The Anchorage Democrats, part of the new bipartisan House majority caucus formed on to fix the deficit in the upcoming session, have been ardent opponents of SB 21, but said they recognize the value of some state assistance for project development on the high-cost North Slope and emphasized the need for a plan to pay off what the state already owes.

Great Bear prospects

Great Bear’s work in the field has shifted along with oil prices.

The company originally set out to produce oil from shale plays on the central North Slope that have been so prolific in the Lower 48, but the drop in prices and new data have pushed it towards conventional opportunities.

Great Bear holds about 570,000 acres of state leases immediately south Deadhorse and existing Slope production. The large swath of leases is bisected by the Dalton Highway and Trans-Alaska Pipeline corridor and roughly matches the east-west reach of the giant Kuparuk River and Prudhoe Bay fields to the north.

The conventional oil Great Bear is now targeting is “embedded” within the shale intervals the company was originally pursuing in the Brookian and Kuparuk formations that are currently producing elsewhere on the Slope, Galvin said.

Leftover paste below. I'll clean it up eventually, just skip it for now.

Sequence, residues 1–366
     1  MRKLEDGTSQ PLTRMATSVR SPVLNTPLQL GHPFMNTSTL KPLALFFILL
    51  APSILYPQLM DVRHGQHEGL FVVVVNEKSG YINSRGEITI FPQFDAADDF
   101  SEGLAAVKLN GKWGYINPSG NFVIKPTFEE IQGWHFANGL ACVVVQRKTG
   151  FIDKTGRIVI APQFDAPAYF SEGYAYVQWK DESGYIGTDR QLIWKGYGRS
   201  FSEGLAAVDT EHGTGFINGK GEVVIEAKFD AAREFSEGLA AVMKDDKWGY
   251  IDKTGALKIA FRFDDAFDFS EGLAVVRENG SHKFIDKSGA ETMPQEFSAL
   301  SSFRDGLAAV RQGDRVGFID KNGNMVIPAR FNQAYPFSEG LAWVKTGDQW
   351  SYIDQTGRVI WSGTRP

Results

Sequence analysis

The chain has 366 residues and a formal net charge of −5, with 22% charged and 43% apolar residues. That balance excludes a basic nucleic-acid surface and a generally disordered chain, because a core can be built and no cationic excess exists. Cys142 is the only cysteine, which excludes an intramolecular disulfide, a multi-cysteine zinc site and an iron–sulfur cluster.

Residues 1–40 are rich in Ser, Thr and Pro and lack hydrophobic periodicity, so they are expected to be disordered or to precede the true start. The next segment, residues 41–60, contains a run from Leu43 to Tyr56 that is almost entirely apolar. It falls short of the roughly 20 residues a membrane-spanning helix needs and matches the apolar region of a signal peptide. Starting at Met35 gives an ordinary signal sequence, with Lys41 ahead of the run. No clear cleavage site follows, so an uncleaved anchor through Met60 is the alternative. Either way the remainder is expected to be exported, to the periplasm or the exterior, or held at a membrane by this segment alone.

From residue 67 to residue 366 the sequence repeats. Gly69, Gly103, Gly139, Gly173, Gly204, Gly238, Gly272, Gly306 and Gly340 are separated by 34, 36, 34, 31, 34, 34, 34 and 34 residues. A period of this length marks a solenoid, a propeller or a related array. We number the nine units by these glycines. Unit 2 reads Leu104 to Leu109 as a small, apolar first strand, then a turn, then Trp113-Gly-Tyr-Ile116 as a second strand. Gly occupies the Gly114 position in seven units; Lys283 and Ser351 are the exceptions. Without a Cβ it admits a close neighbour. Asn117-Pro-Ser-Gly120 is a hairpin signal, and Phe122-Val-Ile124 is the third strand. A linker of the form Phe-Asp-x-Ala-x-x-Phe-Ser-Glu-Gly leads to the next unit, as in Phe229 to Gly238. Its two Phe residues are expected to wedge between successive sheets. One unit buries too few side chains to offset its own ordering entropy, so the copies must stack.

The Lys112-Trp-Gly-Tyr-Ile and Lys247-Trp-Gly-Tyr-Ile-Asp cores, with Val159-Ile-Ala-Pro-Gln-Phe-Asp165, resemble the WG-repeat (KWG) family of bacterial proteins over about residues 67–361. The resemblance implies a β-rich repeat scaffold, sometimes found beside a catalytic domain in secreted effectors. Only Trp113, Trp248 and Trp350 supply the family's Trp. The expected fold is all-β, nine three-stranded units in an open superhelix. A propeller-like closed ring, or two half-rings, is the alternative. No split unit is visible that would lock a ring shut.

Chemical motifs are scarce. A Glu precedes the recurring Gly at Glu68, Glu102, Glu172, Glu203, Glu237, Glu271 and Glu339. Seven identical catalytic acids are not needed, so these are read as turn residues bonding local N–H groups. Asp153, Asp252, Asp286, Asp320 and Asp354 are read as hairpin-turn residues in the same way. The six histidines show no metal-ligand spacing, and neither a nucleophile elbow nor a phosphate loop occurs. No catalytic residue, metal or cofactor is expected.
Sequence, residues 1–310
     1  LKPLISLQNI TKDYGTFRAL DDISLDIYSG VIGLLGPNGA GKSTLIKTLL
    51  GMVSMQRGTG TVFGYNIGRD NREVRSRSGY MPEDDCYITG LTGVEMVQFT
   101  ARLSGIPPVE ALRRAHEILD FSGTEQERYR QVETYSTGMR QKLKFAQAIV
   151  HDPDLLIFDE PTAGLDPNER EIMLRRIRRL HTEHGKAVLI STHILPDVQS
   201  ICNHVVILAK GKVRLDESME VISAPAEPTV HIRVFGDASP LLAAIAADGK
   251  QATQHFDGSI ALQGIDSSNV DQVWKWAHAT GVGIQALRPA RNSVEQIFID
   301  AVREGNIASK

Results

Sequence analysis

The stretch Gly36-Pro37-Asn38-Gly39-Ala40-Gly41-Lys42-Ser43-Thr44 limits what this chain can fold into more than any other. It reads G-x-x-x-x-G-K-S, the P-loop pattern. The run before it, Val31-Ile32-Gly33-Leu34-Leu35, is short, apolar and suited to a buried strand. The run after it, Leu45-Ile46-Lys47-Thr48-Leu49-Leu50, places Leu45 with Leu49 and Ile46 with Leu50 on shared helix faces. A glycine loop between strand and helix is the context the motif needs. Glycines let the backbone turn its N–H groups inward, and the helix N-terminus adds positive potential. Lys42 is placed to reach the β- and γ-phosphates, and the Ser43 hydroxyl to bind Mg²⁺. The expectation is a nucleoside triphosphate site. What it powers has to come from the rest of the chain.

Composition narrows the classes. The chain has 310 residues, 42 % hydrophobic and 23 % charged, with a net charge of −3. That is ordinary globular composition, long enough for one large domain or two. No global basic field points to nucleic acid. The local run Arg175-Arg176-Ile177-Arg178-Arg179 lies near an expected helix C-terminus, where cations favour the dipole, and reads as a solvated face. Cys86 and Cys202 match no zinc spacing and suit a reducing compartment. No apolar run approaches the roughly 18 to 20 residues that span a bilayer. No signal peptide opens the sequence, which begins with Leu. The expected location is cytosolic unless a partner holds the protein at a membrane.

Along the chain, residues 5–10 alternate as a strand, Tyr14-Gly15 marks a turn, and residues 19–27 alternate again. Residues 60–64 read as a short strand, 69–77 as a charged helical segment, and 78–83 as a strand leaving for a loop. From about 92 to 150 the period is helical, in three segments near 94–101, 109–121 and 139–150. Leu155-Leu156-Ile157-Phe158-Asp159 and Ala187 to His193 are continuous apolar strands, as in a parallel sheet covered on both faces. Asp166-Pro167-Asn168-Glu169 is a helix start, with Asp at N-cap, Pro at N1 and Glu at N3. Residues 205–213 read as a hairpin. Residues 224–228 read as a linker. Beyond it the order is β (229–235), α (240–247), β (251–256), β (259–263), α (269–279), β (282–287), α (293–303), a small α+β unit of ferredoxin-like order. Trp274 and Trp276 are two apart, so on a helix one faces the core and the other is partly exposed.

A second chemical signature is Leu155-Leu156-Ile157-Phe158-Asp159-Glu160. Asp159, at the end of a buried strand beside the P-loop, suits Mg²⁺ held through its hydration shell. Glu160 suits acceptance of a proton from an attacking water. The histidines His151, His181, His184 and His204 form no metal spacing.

“(Over geologic time) the oil has migrated from the south to the north. It’s likely gone through all of the layers that we’re interested in and the challenge for us is…can we produce it from either the traps along the route or by going back to the source itself and that’s really the concept that Great Bear is pursuing,” Galvin described. “We believe that we can with today’s technology.”

Australia-based 88 Energy, working with Burgundy Xploration on state leases immediately to the south of Great Bear, also announced in October that it has conventional plays indicated on seismic that could hold upwards of 750 million barrels of recoverable oil.

Similar to Great Bear, 88 and Burgundy, working jointly as the operating subsidiary Accumulate Energy, started with ideas of shale production that have since shifted.